For many people in Queensland, Bundaberg is their home. Every year, the green sea and loggerhead turtles return to this sanctuary to complete the cycle of life. The volcanic-rich soils give plentiful food for farmers and distillers. Manta rays seek sanctuary here, while humpback whales use it as a stopover on their annual migration.
The crystal-clear seas near Bundaberg welcome the beautiful southern humpback whales every year, from July through November. Whale watching tours allow you to follow them as they migrate from Antarctica to the southern coast of Australia. Be prepared to be awestruck as these enormous mammals graze, mate, and play off the coast of Bundaberg!
Lady Musgrave Experience
Take a four-hour trip on the luxurious catamaran ‘Main Event’ with Lady Musgrave Experience. The 360-degree viewing platforms offer breathtaking views of the southern humpback whales in action, with insightful commentary. The air-conditioned high-speed catamaran with four levels offers complimentary breakfast and meal.
Australia Whale Experience
Australia Whale Experience, a division of Lady Musgrave Experience, provides a four-hour whale watching tour in Bundaberg. Breakfast tea and a light meal are served as part of the excursion, which departs the port at 10 am and returns at 2 pm. Passengers on the 35-meter luxury catamaran ‘Main Event’ are treated to stunning views of the shoreline. Humpback whales can be seen playing in the open sea as you make your way out into the ocean.
Consider purchasing a season pass if seeing this breathtaking exhibition of leviathan just once isn’t enough. Whale-watching season passes are an excellent way to ensure that you never miss an opportunity to witness these amazing creatures up close. For a two-day package, you get a half-day whale-watching cruise and Lady Musgrave Reef snorkelling included.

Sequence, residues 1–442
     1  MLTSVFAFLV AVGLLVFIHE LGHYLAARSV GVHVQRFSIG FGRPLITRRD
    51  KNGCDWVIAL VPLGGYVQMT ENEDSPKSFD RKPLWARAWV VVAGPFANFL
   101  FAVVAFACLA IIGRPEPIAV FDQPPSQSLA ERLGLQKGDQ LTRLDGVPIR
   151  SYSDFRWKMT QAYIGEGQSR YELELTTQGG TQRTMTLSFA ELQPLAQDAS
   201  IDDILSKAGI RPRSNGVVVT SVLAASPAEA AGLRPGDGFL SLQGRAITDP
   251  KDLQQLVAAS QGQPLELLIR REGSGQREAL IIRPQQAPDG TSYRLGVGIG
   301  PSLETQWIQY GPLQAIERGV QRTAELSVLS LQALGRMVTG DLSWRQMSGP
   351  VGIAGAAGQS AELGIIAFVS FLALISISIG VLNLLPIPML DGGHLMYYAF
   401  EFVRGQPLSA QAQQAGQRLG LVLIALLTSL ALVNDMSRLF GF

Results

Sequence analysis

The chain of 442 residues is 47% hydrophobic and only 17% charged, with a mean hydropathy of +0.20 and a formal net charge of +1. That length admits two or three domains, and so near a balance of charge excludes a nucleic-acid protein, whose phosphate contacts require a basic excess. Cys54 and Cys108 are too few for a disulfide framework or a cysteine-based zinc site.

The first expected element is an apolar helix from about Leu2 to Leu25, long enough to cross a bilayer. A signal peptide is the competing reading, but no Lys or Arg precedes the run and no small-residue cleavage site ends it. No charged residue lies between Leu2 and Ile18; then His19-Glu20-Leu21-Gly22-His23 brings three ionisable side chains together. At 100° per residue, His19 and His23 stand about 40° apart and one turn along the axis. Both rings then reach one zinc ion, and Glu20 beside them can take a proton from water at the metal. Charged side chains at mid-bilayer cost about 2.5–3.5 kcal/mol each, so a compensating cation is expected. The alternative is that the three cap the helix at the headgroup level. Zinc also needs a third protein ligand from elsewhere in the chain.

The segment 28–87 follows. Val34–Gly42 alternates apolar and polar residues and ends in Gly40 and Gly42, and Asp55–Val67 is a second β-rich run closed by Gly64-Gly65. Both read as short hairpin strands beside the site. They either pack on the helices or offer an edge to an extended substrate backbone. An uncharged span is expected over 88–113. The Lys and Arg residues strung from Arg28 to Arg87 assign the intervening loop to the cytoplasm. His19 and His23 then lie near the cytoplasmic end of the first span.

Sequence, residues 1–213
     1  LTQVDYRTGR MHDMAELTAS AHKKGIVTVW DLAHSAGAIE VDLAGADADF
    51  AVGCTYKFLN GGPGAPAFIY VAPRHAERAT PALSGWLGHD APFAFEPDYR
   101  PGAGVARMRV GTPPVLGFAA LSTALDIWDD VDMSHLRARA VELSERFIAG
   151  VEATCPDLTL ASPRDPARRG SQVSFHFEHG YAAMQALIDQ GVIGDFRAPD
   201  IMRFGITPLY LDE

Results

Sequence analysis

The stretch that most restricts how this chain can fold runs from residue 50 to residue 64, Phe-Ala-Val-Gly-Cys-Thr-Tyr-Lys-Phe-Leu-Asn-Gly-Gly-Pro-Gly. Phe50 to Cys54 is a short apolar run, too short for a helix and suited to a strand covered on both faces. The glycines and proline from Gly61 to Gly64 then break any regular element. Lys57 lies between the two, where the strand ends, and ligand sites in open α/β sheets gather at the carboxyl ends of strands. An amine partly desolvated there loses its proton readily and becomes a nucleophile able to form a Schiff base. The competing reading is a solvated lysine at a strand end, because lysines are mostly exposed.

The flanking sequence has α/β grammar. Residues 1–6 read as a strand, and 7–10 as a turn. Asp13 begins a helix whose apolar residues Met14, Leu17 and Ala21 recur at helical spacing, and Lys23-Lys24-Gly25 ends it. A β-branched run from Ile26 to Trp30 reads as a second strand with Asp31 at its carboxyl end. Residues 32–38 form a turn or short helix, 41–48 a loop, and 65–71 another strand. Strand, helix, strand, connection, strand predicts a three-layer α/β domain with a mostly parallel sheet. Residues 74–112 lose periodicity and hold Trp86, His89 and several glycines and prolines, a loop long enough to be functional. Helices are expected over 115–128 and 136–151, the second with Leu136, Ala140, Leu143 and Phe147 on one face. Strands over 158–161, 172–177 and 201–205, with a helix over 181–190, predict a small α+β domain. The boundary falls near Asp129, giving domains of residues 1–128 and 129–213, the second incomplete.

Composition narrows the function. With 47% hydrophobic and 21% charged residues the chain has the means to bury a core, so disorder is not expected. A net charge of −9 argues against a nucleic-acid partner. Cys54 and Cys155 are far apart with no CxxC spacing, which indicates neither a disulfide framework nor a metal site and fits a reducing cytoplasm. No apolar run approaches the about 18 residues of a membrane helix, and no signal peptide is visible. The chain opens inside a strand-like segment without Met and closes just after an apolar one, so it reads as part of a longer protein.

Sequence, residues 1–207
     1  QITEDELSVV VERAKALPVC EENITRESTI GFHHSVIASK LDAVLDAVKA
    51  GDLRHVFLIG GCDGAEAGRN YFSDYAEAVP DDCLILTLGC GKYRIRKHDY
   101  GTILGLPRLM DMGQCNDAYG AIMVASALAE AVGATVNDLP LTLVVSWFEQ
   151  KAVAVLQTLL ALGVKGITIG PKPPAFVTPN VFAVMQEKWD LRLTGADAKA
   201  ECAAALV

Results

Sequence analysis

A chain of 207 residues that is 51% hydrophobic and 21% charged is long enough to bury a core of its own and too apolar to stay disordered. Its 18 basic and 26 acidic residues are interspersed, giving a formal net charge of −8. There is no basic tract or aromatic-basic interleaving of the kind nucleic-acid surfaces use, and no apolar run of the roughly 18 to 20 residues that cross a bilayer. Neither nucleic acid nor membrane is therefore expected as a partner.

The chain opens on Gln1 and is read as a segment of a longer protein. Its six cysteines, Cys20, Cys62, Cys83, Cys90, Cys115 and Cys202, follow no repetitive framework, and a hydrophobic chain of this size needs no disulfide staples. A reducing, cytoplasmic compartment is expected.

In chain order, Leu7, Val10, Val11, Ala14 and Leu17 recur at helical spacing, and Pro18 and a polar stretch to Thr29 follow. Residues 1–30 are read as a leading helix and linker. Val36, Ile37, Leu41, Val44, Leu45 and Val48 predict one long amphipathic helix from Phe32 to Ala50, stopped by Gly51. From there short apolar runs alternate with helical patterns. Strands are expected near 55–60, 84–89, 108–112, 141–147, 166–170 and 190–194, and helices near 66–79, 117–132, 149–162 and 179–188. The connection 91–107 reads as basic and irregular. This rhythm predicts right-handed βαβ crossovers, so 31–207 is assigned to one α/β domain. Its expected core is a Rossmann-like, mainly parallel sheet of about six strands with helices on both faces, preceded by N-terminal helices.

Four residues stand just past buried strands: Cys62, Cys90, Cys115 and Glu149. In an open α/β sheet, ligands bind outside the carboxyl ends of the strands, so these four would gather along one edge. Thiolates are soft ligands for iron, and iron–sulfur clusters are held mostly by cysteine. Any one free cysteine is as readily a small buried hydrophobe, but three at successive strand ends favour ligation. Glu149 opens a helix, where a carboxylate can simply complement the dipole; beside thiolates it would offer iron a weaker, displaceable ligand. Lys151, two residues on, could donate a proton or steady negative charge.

When to Plan Your Bundaberg Trip
If you want to see humpback whales migrating through Bundaberg in the winter to the Whitsundays’ warm, subtropical seas to mate and give birth, you’ll want to schedule your trip from July to November. When it comes to weather, Bundaberg’s winters are mild, with July being the coolest month with a typical daytime temperature of roughly 21 degrees (Celsius). November marks the beginning of the warm season, with daily highs around 28 degrees.
Bundaberg’s whale viewing season lasts just for four months out of the year. Plan your Bundaberg vacation based on other places you’d like to go that are seasonally dependent on the area! Perhaps you’d like to combine your whale watching tour with the turtle-hatching season at Mon Repos?
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Humpback Whale Migration